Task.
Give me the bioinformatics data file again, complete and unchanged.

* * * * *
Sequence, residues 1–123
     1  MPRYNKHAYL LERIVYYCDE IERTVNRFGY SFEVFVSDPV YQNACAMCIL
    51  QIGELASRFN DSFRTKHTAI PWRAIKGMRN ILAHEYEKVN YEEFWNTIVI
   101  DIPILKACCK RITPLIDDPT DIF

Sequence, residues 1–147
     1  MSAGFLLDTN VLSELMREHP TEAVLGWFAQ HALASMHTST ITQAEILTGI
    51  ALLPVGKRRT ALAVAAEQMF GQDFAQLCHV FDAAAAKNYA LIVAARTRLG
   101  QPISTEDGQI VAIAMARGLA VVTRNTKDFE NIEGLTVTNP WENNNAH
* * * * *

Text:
Sequence, residues 1–123
     1  MPRYNKHAYL LERIVYYCDE IERTVNRFGY SFEVFVSDPV YQNACAMCIL
    51  QIGELASRFN DSFRTKHTAI PWRAIKGMRN ILAHEYEKVN YEEFWNTIVI
   101  DIPILKACCK RITPLIDDPT DIF

Sequence, residues 1–147
     1  MSAGFLLDTN VLSELMREHP TEAVLGWFAQ HALASMHTST ITQAEILTGI
    51  ALLPVGKRRT ALAVAAEQMF GQDFAQLCHV FDAAAAKNYA LIVAARTRLG
   101  QPISTEDGQI VAIAMARGLA VVTRNTKDFE NIEGLTVTNP WENNNAH